One of the most important bank valuation metrics is flashing red just as investors are trying to come to terms with the growing headwinds buffeting the sector. Investors could be thinking that the negative sentiment towards our big bank stocks is about to turn with the share prices of Commonwealth Bank of Australia (ASX: CBA), Westpac Banking Corp (ASX: WBC), National Australia Bank Ltd. (ASX: NAB) and Australia and New Zealand Banking Group (ASX: ANZ) jumping higher in lunch time trade. But bank bulls should be concerned by Morgan Stanley’s call for the “end of the margin sweet spot” for…
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One of the most important bank valuation metrics is flashing red just as investors are trying to come to terms with the growing headwinds buffeting the sector.
Investors could be thinking that the negative sentiment towards our big bank stocks is about to turn with the share prices of Commonwealth Bank of Australia (ASX: CBA), Westpac Banking Corp (ASX: WBC), National Australia Bank Ltd. (ASX: NAB) and Australia and New Zealand Banking Group (ASX: ANZ) jumping higher in lunch time trade.
But bank bulls should be concerned by Morgan Stanley’s call for the “end of the margin sweet spot” for our biggest mortgage lenders even as Westpac delivered a strong result this month that’s backed by an increase in net interest margin (NIM).
The broker noted that NIM for the big four banks had ticked up to 2.04% in the first half of this financial year compared to the 2.01% for the same period in FY17.
Felling The Squeeze: Bank margins are forecast to drop from here
This is as good as it gets. Morgan Stanley is predicting NIM to fall 5 basis points in the second half of FY18 before dropping a further 4 basis points in FY19.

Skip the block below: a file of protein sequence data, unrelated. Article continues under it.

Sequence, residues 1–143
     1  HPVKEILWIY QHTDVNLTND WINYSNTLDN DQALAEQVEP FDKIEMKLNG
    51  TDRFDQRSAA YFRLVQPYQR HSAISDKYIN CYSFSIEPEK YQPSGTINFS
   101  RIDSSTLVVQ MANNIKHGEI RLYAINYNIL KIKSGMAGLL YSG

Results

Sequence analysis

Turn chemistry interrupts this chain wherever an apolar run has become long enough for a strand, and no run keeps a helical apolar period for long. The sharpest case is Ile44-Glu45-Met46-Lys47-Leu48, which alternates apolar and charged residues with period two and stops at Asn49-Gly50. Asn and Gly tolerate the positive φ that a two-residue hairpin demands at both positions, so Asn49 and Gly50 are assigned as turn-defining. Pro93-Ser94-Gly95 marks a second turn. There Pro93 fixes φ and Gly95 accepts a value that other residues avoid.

There are four drivers for the downgrade in NIM. First is increasing competition for owner-occupier loans. Then there is the ongoing switch by borrowers to principal plus interest loans from interest only loans (the latter being more profitable to the banks).
The expected slowdown in deposit growth rates and an expected rise in wholesale funding costs are the other two factors behind the broker’s bearish view on bank margins.
On the last point on funding costs, Morgan Stanley’s NIM forecast may prove to be conservative too if the difference between the Bank Bill Swap Rate (BBSW) and Overnight Index Swap (OIS) stays at its peak for the rest of FY18.
Westpac warned that the spread between both borrowing benchmarks will knock-off 5 basis points from its margin while ANZ Banks and NAB are predicting a 2 to 3 basis point squeeze. Morgan Stanley has only priced in half of this headwind into its forecast.
BBSW is the short-term rate banks lend money to each other while the OIS reflects the interest rate set by the country’s central bank.
“We believe that oligopoly pricing power has peaked for now,” said Morgan Stanley. “In fact, scrutiny into conduct and competition, and the potential for adverse outcomes from the Royal Commission, Productivity Commission and ACCC, makes it difficult for major banks to re-price in the near term.”
The broker has no “buy” equivalent recommendation on any of the big four banks, neither does it think regional rivals like Bendigo and Adelaide Bank Ltd (ASX: BEN) and Bank of Queensland Limited (ASX: BOQ) can outperform the S&P/ASX 200 (Index:^AXJO) (ASX:XJO) index.
I can’t help but to agree. The only bank that is well placed to increase NIM is UK-based CYBG PLC/IDR UNRESTR (ASX: CYB), better known as Clydesdale Bank, which reported its interim results yesterday.
Investors are better off looking outside the banking sector for value.
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Motley Fool contributor Brendon Lau owns shares of Australia & New Zealand Banking Group Limited, CYBG Plc, National Australia Bank Limited, and Westpac Banking. The Motley Fool Australia owns shares of National Australia Bank Limited. We Fools may not all hold the same opinions, but we all believe that considering a diverse range of insights makes us better investors. The Motley Fool has a disclosure policy. This article contains general investment advice only (under AFSL 400691). Authorised by Scott Phillips.